Elements of Architecture II was the second time around for this course. It was my belief, and evidently the Fellows’ as well, that the original ten sessions could only be introductory, especially to a subject like architecture which is not conventionally introduced in public education, and which furthermore tends to be cloaked in the mysteries of professionalism.
In the first year we investigated the meaning of architecture as an artifact of culture, while in the second we began to examine some of the specific means of organizing space. For the latter purpose I asked each Fellow to try to modify the designs of their own homes, tasks which ranged from adding a skylight, adding a gazebo in the garden, or rerouting stairs in a house that no longer served their original purpose. I was particularly anxious that they select a project that they could afford to build so that they might provide an example of the reality rather than the myth of design to their students.
Once again I was excited by the realization that each of them could indeed solve elementary architectural problems with considerable skill (obviously some had the advantage of already being painters, photographers, and draftsmen), but I was especially delighted that they could do so with a good dose of romanticism and sense-of-joy rather than retreating to the merely utilitarian task of scribing square footage.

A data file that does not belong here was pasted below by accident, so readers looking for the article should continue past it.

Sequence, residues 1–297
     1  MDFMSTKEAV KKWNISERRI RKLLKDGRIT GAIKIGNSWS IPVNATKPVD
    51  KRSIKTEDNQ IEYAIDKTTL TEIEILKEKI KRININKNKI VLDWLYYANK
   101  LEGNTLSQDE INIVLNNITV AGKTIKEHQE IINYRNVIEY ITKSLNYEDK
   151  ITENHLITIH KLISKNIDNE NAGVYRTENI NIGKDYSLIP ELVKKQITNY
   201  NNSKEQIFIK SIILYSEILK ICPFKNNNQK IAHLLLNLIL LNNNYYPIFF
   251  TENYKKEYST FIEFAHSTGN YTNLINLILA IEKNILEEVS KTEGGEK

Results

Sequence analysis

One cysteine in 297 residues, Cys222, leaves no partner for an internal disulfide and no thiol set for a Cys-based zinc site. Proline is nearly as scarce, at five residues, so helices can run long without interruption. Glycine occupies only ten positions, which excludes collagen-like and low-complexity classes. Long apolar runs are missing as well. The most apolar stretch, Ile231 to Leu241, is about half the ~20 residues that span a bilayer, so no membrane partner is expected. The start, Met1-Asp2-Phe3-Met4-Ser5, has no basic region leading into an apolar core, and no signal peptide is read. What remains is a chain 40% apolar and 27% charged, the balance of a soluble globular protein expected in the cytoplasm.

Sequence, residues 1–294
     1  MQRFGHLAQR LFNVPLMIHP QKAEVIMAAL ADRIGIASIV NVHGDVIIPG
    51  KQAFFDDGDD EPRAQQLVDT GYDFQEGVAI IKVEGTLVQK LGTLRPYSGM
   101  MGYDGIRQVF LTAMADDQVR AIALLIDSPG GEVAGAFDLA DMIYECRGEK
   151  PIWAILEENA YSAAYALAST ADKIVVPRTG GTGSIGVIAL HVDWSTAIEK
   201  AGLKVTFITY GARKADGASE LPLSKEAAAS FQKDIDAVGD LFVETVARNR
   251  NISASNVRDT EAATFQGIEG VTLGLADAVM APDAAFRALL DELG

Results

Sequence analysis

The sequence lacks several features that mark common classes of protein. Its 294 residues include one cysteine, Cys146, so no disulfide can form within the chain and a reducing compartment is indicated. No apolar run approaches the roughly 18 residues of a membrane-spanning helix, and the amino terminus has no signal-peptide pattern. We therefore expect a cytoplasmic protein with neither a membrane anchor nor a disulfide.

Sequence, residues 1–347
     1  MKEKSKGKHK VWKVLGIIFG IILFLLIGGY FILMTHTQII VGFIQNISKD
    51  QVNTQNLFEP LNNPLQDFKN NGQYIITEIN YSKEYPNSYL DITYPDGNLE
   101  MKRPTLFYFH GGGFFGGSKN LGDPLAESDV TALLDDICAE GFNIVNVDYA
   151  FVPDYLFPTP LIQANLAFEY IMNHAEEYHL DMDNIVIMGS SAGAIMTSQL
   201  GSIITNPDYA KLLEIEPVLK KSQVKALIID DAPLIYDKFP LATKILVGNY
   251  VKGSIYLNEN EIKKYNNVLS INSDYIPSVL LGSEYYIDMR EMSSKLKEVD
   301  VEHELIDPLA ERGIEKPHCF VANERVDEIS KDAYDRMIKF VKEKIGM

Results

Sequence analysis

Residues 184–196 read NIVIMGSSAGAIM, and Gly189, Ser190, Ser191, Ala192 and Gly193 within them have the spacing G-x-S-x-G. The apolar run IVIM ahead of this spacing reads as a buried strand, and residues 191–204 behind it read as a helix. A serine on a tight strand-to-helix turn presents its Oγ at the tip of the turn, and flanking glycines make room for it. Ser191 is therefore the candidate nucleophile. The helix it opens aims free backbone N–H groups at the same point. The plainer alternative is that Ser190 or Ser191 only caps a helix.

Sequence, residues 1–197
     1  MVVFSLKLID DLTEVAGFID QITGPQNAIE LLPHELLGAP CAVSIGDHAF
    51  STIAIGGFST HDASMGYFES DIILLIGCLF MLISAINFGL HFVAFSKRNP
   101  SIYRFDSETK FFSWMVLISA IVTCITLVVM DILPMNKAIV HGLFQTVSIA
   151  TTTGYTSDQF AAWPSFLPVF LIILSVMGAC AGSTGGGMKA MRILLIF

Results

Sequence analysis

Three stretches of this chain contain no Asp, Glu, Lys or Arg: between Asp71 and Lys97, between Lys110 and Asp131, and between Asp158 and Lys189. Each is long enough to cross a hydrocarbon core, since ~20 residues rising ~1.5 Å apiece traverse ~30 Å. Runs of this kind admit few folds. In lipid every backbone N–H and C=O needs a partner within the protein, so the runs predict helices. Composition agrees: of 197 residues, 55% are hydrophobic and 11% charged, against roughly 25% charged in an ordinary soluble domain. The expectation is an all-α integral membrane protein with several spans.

Those attempts, which I have asked the Fellows to include at the end of their curriculum units, did not divert them from the task of designing effective curriculum units based on issues of teaching specific students in specific neighborhoods as well as focusing on very general historical and theoretical issues in the subject of architecture.
It became apparent to me through discussions with the Fellows that many young students today do not have basic training in measuring, understanding distances, or comprehending the social and physical concepts of environment. I found that rather shocking, and I hope that the subject of architecture will serve to require those basics in general education.
Kent C. Bloomer